# Approximate to the speed of Build-In functions

In Mathematica, there is a function PowerMod[a,b,m], which computes a^b mod m. I will concern only this case: b = -1, m is a power of a prime, say m = p^N. When b=-1, the result of PowerMod[a,-1,m] is the number a' such that a*a' = 1 mod m, i.e the inverse of a in mod m.

There is a standard way to compute this inverse (when m is a prime power), but I will just give the code. The idea is to use Newton's method (in p-adic sense).

pAdicInverse[n_Integer,p_Integer,N_Integer]:=Module[

{stepMax,a,a0,x},

stepMax=Floor[Log2[N]]+1;
a=Mod[n,p^N];
a0=Mod[a,p];
x=PowerMod[a,-1,p];

Do[x=Mod[x*(2-a*x),p^2^i],{i,1,stepMax}];

x=Mod[x,p^N]

]   /;(PrimeQ[p] && N>=1)


This gives the correct answer, but the build-in PowerMod[a,-1,p^N] is 15x faster than the above code.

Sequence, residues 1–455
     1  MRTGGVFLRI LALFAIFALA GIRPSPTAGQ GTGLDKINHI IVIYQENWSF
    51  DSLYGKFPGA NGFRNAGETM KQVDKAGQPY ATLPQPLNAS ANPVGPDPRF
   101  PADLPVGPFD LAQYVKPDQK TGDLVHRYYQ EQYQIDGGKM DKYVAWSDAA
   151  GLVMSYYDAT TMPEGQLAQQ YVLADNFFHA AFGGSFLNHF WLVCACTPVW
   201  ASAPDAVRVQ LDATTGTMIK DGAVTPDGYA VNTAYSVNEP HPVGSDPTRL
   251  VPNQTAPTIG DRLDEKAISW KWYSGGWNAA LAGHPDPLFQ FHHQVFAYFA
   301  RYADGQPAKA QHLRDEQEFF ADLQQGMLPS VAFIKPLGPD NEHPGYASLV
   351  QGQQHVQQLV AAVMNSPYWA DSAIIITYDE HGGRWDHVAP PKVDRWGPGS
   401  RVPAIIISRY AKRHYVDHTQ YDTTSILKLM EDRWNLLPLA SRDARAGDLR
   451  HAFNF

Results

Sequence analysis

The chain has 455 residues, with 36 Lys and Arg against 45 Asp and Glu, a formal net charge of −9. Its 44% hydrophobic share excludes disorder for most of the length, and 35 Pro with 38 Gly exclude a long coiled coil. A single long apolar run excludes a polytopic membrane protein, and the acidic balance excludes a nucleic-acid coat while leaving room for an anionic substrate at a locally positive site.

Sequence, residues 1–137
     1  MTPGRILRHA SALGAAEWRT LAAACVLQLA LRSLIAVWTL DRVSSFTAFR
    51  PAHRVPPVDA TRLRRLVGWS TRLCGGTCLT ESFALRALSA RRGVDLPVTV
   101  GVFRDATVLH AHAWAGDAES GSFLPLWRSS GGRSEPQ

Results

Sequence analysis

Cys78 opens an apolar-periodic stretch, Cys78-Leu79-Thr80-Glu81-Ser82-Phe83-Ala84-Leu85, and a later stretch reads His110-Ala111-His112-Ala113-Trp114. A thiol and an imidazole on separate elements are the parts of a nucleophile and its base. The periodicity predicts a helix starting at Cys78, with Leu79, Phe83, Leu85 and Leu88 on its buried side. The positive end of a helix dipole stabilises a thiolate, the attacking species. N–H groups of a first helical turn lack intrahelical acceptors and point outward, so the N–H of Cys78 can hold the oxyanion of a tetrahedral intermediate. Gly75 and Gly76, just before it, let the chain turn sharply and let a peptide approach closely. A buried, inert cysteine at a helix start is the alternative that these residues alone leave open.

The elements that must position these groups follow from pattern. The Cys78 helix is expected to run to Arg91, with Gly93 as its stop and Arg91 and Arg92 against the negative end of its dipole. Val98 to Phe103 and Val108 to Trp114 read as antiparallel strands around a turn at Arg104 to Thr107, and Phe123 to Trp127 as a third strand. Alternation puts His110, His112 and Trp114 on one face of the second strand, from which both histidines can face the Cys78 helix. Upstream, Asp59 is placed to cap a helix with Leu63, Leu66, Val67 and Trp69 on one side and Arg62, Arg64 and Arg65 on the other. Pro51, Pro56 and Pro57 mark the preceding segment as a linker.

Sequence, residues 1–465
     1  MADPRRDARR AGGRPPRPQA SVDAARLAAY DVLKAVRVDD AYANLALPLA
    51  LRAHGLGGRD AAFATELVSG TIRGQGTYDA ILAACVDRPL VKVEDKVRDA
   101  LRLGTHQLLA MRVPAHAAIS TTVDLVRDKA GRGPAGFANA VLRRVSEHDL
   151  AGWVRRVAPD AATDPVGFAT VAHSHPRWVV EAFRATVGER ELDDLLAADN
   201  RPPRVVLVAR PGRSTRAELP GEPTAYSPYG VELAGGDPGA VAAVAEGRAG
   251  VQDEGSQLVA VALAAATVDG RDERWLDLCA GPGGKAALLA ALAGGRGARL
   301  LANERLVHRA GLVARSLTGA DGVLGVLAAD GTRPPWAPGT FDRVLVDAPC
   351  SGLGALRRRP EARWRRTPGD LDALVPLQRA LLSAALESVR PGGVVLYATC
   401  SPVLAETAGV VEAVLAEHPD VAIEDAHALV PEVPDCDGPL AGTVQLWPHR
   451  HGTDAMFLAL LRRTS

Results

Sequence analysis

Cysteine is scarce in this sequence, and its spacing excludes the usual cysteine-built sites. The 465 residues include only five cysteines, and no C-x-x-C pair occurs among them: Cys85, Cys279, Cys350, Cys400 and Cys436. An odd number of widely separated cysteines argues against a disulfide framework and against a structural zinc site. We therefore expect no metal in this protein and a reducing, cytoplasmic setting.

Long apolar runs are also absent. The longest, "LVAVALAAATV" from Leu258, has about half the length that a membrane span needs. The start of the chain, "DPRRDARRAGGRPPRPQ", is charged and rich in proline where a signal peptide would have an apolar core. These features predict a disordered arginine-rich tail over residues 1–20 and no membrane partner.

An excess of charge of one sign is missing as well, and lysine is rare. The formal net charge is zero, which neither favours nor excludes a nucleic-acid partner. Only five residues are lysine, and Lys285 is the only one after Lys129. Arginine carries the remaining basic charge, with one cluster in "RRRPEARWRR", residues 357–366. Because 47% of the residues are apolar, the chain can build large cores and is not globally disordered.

I would like to know how to speed up it. I thought to use something like Nest or Fold, but I didn't figure it out. The reason is that: In each step of Do, it works with different modulo p^2^i. Of course I can do it use the same modulo p^N all the time, but it will be much slower, even if I use Nest.

This is not really important, but I wonder how to speed it.

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You will most likely not be able to match a specialized built-in (which may e.g. be implemented in C). You can try to Compile your code to speed it up, if you want to spend time on that. – Yves Klett Mar 12 '14 at 10:20
Extended GCD methods might be faster (and that might be what PowerMod us using anyway). – Daniel Lichtblau Dec 3 '14 at 0:43